TWO decades ago the staff at emerging technology company Poseidon Scientific Instruments were tinkering away on radio technology for cray fisherman.
Today the business is manufac-turing precision oscillators worth about $250,000 a unit and selling them to defence industries across the globe.
The evolution into high-tech radar imaging technology was brought about by research developed within The University of Western Australia’s physics department.
PSI founder and managing director Jesse Searls had previously worked in the department helping develop the university’s sapphire clock technology and had heard about American interest in the product for defence applications.
The clock can define time over the short term better than any other clock in the world.
Its sapphire-loaded cavity resonator allows low noise signals to be generated directly at microwave frequencies, producing far less noise than traditional quartz-based generators, which made it an attractive feature for defence contractors.
PSI struck a licensing deal with UWA in the early 1990s to develop an oscillator that allows the user to see further, in much higher resolution, with less noise than units produced by other manufacturers.
PSI general manager Mark Suddaby said the company spent a lot of time and money developing the UWA research into a commercial application.
“The university had not taken the technology to the point where you could sell it. It was the size of a fridge and built for a slightly different purpose,” he said.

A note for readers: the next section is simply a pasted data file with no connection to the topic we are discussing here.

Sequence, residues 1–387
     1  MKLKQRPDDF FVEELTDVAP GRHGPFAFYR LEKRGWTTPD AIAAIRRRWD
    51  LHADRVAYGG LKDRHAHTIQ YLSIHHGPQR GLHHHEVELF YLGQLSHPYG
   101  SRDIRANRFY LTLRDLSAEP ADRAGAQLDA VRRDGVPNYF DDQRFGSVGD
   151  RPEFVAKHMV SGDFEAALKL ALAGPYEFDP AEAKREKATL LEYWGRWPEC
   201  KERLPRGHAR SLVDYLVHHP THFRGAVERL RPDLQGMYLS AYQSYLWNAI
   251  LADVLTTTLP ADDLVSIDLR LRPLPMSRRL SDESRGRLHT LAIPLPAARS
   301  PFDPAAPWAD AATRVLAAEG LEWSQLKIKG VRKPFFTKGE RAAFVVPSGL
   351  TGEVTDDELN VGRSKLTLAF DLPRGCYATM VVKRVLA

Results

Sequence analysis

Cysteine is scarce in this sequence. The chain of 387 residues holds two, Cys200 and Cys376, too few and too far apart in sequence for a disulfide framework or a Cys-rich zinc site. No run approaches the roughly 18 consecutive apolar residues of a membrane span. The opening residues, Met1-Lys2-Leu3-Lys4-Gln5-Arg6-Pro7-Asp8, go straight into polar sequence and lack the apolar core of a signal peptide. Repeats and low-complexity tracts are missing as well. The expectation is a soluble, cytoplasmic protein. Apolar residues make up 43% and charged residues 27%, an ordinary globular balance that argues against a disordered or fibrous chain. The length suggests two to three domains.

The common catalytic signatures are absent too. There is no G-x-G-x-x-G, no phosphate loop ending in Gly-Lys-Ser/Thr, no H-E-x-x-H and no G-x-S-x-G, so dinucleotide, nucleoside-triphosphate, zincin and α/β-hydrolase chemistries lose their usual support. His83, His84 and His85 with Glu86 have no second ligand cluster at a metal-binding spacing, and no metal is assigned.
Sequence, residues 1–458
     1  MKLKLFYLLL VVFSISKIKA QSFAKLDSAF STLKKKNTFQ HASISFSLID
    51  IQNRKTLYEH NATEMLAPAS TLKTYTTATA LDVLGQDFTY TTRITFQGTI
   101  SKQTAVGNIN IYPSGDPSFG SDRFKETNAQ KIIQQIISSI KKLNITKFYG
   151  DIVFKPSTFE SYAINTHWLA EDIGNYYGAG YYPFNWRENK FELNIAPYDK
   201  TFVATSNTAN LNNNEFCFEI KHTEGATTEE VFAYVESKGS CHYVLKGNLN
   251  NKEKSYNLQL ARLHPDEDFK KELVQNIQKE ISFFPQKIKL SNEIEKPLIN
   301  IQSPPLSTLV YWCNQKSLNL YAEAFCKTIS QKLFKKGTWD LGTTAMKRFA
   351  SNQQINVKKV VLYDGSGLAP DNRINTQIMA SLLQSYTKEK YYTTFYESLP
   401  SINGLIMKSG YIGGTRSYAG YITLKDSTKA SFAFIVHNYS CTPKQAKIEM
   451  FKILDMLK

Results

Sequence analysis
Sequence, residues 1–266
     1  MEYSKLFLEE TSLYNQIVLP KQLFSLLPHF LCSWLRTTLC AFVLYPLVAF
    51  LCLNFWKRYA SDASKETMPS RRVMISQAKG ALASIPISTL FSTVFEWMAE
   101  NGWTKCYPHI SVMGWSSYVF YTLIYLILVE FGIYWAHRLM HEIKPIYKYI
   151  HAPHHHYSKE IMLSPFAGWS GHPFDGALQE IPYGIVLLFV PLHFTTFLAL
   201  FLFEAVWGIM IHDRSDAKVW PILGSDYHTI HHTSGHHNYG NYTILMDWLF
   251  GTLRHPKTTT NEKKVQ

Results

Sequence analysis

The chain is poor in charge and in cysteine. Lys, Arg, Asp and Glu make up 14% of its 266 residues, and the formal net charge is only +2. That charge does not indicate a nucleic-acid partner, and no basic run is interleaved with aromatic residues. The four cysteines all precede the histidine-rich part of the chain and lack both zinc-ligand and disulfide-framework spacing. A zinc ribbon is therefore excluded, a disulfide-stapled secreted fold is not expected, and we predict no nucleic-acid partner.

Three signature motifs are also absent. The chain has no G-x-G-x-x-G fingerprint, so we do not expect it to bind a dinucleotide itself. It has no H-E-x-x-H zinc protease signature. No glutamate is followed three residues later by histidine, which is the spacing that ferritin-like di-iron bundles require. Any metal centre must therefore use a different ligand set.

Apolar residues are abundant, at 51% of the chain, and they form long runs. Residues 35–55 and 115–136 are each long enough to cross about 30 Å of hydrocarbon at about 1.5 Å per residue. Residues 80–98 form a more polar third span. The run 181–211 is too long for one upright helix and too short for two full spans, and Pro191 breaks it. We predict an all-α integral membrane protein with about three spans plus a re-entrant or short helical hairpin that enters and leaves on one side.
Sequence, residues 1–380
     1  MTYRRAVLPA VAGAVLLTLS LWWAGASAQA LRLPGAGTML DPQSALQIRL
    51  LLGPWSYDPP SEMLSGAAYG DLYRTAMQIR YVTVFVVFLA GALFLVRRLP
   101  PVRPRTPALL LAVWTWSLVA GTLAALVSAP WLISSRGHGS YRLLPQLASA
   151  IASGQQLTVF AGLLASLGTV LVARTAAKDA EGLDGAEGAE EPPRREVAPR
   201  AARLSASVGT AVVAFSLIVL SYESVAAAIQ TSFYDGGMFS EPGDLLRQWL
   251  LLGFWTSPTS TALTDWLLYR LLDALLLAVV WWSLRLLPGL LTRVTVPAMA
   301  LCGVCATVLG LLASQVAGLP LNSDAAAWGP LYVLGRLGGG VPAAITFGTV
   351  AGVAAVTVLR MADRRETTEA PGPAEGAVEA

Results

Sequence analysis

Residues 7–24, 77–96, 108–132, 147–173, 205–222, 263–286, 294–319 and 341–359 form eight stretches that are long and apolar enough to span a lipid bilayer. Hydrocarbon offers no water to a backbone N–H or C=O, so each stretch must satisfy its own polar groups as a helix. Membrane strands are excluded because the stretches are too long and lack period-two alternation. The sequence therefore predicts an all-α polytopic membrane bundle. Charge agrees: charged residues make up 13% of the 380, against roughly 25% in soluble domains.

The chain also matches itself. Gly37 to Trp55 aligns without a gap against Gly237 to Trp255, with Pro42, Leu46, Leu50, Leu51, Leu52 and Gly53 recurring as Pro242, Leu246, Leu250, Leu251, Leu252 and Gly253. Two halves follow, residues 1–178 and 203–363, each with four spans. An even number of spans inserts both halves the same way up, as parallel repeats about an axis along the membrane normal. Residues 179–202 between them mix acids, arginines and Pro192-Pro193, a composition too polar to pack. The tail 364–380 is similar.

“What we have done through R&D is take that proof of concept to a commercial application for people that build radar systems, which is primarily defence.”
PSI’s oscillators are now sold across the world and the company is turning over $2 million a year, employing 19 people.
PSI’s oscillator sends out a signal, in a tone, and the distorted information that comes back is used to map out a picture of the object the signal was directed to, according to Mr Searls.
“Our signal generators produce so much lower noise than everyone else’s, so we can see smaller targets or see things that are much further away,” he said.
“If you are on a boat you are slow and a missile is pretty fast, so you want to be able to respond quickly.
“So if you can see something and use less power doing it than the less likely they [enemy] are to know about it.”
The product has been so successful overseas that the company is now receiving inquires from the previously reluctant Australian defence industries.
PSI has also expanded its product offering by selling accuracy testing devices. While these were originally developed to monitor PSI’s own systems, the team discovered the devices had commercial applications.
PSI now holds patents for six inventions.
And, with an R&D budget of between $300,000 and $400,000 a year, PSI is also a private backer for UWA researchers putting up cash to help them secure Federal funding grants to continue R&D on various technologies.
UWA and PSI then collaborate on research work.
Mr Searls said manufacturing the technology in Western Australia could be difficult because of an “immature investment market”.
“There is a lack of infrastructure for this kind of thing from an investment point of view,” he said.
“People don’t understand what they’re looking at.”